The Interview is more like the confusion

I am a little confused by all the hubbub the The Interview movie has generated.

Did the North Korean government really do it? I have no doubt there’s a hacker unit in their intelligence agency — there’s probably one in every agency — but why would you target a movie or a Japanese entertainment studio of all things? I understand The Interview is offensive to North Koreans, but the movie isn’t even out yet so how would they even know just how bad it is.

If I was the head of that agency I’d target something more important. Something that would actually matter to national security and strategy. I wouldn’t expose my country to something as mundane as a movie, and a comedy at that.

I’m also a little confused with Sony. They pulled the movie because theaters didn’t want to show it? Everyone’s talking about this movie; it’s a goldmine with all the publicity it has generated. If I ran a movie theater I’d be falling all over myself to show it.

Was it movie theaters, or was it Sony running scared? Key execs made that decision, and it’s sensitive information about those key execs that the hacker group has threatened to release.

Then President Obama and the FBI made statements, the North Korean government too and now it’s officially a BIG DEAL.

The whole thing has left me scratching my head. It’s like a bad episode out of a TV show turned real.

3 thoughts on “The Interview is more like the confusion

  1. – A lot of theaters did pull from showing it because the hackers threatened to launch real life attacks against people who go and watch it. I reckon it is indeed a bluffing everybody knows it, but they’re just acting safe. Both Sony and some movie theater chains were scared.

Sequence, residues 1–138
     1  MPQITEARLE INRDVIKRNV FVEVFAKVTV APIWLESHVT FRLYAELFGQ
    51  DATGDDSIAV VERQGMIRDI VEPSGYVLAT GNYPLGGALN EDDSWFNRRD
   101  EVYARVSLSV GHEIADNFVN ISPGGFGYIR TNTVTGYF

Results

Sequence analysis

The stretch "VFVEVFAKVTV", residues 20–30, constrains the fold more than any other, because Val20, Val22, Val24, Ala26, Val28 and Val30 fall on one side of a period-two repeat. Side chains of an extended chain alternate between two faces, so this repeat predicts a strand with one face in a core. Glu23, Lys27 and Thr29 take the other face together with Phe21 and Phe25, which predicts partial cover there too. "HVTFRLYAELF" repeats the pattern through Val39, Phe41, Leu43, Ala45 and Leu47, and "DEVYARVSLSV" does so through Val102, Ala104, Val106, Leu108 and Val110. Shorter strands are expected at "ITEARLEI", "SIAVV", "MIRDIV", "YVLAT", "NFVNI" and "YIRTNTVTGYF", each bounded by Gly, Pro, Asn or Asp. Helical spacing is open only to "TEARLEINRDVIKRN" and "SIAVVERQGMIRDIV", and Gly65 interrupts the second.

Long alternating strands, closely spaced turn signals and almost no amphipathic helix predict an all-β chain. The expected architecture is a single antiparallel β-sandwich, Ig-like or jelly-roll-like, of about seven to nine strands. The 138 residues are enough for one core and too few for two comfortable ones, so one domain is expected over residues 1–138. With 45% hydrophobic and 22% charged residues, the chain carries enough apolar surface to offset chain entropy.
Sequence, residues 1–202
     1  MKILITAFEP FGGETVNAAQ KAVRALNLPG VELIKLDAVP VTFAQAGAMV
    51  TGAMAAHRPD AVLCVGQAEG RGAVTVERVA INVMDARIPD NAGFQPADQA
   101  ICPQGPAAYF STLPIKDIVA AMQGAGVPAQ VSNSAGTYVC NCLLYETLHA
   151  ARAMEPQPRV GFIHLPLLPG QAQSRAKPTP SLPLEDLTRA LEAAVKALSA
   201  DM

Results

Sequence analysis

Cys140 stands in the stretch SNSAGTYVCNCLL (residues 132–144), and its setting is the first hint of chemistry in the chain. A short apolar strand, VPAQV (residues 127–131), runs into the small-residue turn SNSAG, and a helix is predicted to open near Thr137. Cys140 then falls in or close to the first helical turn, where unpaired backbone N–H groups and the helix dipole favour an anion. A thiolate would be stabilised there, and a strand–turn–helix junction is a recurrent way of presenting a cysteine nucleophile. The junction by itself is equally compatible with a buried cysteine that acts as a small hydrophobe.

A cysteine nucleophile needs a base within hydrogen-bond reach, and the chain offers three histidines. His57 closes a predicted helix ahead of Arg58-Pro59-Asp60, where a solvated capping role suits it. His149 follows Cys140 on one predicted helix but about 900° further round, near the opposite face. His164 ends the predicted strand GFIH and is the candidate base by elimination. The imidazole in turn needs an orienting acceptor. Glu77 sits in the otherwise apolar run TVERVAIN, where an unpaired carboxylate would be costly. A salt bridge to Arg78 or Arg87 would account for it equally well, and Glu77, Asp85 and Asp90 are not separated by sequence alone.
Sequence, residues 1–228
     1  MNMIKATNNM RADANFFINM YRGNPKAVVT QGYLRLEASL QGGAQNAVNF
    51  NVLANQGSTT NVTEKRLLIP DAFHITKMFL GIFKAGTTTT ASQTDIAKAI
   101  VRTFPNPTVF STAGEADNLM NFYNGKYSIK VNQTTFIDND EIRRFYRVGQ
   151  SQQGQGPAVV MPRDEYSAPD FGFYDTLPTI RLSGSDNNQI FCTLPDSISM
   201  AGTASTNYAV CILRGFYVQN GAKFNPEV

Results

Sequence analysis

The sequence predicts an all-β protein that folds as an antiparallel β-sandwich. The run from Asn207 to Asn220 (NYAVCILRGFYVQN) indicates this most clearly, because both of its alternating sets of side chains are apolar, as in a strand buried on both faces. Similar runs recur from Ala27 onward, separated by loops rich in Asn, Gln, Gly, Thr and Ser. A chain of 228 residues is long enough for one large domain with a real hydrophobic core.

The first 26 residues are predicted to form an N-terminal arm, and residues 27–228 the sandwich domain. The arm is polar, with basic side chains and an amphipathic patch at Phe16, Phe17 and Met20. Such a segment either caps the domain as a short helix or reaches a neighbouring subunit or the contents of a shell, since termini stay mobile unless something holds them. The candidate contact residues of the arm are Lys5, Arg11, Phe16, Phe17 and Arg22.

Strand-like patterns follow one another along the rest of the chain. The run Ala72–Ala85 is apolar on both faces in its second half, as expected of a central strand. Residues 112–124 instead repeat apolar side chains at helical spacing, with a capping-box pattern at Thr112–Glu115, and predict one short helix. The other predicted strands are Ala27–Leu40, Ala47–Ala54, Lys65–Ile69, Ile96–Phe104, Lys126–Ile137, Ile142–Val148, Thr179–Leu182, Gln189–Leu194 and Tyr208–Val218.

– I don’t know, North Korea targeting a “Japanese” something makes sense if only because the government are know to hate the Japanese due to historical grudges. I agree it seems weird but maybe they just wanted to focus on something if only because Sony “is” . Sony is still one of the more prominent Japanese firms out there and making it would also probably less retaliatory than say attacking something else despite what the U.S. government says as a result of this attack. In terms of damage to Sony, they seem to have succeeded to some extent because of the information leaked especially in regards to the information that was actually released.

    That said, I’m not 100% convinced it was actually them either. Perhaps it’s not a simple as black and white.

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  2. I got the sense that it wasn’t explicit, intentional hacking by North Korea. More like, some hacker found a massive exploit and shopped it around to see who would pay the most. Given what they found (The Interview), they thought NK was a good client, and they were; NK decided to buy it. Sony is a very strange target for a government like NK – if they really did have a talented hacking team, they’d probably spend their efforts on other governments, not random entertainment corporations. More likely, they have a mediocre hacking team that can make use of a purchased exploit.

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